I think he is being honest, and if a guy at Gibson has authenticated it I think it is real unless the people there don't know what they are talking about. I do believe this is real.

 

Here are some pics I found when I googled 1980 Gibson Les Paul Headstock:

 

 

 

headstock.jpg

 

 

Gibson%20Les%20Paul%20CUstom%201980%203pu%20pot%2011-1980%20005.jpg

 

 

headstock-front_jpg.jpg

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Thanks friends. I no longer have the instrument, so I cannot remove pickups, or enter the control cavity. I sold the guitar to someone who had a friend who is a luthier in Chicago who thought it was counterfeit, and he got back to me the next day with that friends opinion as a fake. We had the guitar to the late Chris Scott luthier and he was a Gibson go to guy in Philly area for warantee repairs and he thought it was genuine. This was when my son had possession of the guitar about 15 years ago. I just wanted to see what folks who know Gibson's and especially Les Paul Customs thought. And if the consensus was that it is real I will get back to him with your responses so he feels a little better about his purchase, now the guy got a nice Les Paul Custom for cheap, and I got my money back and between me and my son we used the guitar off and on since the late 80's. Everybody wins, no bad karma. All is well.........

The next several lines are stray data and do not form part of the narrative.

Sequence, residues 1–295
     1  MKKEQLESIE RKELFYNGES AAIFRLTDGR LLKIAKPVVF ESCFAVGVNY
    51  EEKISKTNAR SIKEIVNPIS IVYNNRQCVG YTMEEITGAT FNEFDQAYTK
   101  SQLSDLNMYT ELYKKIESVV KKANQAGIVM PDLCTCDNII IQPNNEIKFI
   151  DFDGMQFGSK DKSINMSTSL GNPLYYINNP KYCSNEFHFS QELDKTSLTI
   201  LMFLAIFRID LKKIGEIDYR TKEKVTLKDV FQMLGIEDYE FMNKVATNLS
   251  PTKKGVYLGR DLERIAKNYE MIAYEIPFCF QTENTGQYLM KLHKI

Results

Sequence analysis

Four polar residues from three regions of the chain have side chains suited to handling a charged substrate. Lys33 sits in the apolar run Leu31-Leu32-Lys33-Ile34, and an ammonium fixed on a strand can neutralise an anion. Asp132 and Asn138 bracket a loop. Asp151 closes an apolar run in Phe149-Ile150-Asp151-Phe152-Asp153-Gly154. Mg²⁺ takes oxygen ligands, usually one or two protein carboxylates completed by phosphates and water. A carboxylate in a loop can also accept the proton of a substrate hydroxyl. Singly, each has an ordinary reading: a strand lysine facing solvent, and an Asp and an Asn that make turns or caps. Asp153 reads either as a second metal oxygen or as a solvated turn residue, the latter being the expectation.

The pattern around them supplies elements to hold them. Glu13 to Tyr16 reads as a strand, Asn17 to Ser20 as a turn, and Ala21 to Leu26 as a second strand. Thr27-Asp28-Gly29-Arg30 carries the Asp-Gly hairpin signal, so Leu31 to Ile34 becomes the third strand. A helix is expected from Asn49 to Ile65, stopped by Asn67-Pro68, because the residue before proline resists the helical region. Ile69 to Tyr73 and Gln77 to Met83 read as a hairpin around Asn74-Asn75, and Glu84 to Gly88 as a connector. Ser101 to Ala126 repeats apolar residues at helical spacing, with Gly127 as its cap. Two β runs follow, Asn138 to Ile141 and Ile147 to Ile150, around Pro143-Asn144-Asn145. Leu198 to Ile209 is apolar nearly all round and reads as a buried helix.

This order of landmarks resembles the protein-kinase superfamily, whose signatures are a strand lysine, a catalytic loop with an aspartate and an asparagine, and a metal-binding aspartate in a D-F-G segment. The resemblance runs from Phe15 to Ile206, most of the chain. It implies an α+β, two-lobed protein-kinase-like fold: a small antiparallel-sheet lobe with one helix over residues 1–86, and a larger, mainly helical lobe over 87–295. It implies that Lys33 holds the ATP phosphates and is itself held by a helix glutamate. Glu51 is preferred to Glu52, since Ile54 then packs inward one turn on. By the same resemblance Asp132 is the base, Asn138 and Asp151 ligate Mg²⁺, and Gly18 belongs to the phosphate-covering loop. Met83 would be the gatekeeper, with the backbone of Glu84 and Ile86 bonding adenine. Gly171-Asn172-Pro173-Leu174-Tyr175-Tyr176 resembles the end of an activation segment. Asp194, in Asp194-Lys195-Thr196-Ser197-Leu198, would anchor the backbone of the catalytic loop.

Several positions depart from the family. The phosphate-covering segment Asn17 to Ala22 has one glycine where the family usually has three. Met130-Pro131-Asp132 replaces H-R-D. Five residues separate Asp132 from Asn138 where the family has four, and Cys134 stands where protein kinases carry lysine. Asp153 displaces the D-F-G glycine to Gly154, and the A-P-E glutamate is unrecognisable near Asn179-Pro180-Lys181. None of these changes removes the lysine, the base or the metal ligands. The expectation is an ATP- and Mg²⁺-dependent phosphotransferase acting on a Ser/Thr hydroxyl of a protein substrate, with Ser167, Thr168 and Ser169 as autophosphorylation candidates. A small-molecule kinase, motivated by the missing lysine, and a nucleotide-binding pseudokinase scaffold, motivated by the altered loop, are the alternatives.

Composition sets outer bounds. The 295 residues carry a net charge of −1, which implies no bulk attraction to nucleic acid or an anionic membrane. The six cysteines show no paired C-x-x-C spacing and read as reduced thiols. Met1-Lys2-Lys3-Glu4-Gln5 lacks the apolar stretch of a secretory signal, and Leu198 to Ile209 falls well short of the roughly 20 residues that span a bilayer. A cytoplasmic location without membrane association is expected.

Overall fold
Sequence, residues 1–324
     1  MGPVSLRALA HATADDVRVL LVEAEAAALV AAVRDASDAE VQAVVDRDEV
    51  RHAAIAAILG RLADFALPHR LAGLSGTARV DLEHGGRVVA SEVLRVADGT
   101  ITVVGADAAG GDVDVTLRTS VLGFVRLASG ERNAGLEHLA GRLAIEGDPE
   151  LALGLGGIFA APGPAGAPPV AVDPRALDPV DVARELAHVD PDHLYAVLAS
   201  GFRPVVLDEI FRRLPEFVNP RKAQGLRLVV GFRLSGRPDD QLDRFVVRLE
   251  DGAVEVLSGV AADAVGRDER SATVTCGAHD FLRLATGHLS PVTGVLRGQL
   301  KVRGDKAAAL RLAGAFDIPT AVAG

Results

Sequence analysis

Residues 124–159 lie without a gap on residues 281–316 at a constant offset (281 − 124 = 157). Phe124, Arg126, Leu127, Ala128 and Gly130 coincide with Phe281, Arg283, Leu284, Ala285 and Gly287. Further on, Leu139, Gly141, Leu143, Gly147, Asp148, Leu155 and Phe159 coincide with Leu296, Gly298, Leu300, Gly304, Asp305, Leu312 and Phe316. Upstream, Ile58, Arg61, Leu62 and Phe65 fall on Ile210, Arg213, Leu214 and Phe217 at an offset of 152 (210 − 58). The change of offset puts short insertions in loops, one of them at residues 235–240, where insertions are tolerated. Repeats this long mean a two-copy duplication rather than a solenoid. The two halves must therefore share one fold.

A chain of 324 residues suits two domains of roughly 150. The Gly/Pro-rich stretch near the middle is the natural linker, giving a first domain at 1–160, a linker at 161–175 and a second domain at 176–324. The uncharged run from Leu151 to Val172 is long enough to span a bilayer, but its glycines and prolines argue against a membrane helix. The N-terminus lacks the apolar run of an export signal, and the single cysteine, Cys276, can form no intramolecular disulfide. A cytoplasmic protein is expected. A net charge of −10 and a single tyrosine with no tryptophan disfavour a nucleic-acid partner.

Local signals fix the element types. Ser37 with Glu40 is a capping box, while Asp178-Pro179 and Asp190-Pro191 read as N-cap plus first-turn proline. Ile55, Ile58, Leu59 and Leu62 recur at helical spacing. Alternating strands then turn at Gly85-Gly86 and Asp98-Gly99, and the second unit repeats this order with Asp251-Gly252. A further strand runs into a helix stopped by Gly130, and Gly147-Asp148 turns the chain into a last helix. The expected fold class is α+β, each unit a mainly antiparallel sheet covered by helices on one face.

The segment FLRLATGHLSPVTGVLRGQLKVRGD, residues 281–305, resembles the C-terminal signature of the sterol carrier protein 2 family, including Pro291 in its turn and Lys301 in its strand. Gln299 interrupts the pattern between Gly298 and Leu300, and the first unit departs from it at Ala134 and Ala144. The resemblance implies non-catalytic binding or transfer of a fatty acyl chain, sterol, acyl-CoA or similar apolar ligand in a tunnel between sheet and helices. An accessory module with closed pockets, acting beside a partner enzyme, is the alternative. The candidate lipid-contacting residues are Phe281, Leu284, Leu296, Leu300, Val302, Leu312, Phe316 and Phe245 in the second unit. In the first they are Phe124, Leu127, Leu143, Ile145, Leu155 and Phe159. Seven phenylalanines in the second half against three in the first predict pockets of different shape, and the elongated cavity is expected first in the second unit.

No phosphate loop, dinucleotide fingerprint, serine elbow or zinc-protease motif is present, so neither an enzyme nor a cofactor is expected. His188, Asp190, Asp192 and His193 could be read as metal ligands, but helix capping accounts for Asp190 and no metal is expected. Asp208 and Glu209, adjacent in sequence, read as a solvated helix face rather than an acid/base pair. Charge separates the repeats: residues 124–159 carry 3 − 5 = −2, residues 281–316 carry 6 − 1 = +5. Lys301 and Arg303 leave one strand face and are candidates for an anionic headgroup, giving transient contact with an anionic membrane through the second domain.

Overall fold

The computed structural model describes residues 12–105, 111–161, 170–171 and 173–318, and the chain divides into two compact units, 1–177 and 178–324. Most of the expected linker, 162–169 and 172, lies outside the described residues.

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Those tuning pegs must have been pretty cool when stringing the guitar.

Well the desert blues man, there you have it. Tis the real deal, just out of curiosity how much

did you let it go for?

 

Eleven hundred bucks. Not a bad deal for him, and I got most of my money back as well. Of course back then a Les Paul Custom sold for eight hundred bucks or so. I remember seeing the 25th anniversary model in a music store for around that @ street price. I paid less for the one above because it was used and had some damage in the paint etc. Plus the store owner was and still is a good friend of mine.

 

A similar early 80's guitar without original pups and no damage sells for about $1,800 around here, an all original about $2,400 or so. I have a room full of guitars including another Gibson, a 2003 Faded SG which by the way is the very best instrument I have ever owned for neck true-ness it ain't pretty but I have never owned a guitar so true, not a single high or low fret, no strange over/under tones, nada, perfect, plus it stays in tune almost better than any other guitar I have ever owned. The pups are a little brighter than the Paul but close enough for the blues. (plus it is tons lighter than the Paul on my old bones).